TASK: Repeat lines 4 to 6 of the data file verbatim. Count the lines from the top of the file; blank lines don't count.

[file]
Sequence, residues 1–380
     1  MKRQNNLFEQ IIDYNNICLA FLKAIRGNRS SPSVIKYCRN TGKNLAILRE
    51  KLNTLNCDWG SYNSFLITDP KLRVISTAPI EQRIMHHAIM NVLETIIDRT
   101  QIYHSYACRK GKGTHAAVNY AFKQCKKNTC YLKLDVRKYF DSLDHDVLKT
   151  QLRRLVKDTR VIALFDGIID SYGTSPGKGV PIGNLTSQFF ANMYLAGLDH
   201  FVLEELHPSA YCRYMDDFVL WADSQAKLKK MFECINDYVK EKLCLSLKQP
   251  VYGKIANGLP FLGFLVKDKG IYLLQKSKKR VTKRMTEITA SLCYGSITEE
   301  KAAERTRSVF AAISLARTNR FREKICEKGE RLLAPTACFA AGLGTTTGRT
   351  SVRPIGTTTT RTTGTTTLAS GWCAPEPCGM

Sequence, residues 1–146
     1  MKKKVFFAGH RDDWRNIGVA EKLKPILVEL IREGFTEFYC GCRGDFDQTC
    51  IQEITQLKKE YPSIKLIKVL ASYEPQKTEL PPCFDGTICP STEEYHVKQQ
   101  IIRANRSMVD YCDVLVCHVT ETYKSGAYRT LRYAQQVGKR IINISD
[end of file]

   101  QIYHSYACRK GKGTHAAVNY AFKQCKKNTC YLKLDVRKYF DSLDHDVLKT
   151  QLRRLVKDTR VIALFDGIID SYGTSPGKGV PIGNLTSQFF ANMYLAGLDH
   201  FVLEELHPSA YCRYMDDFVL WADSQAKLKK MFECINDYVK EKLCLSLKQP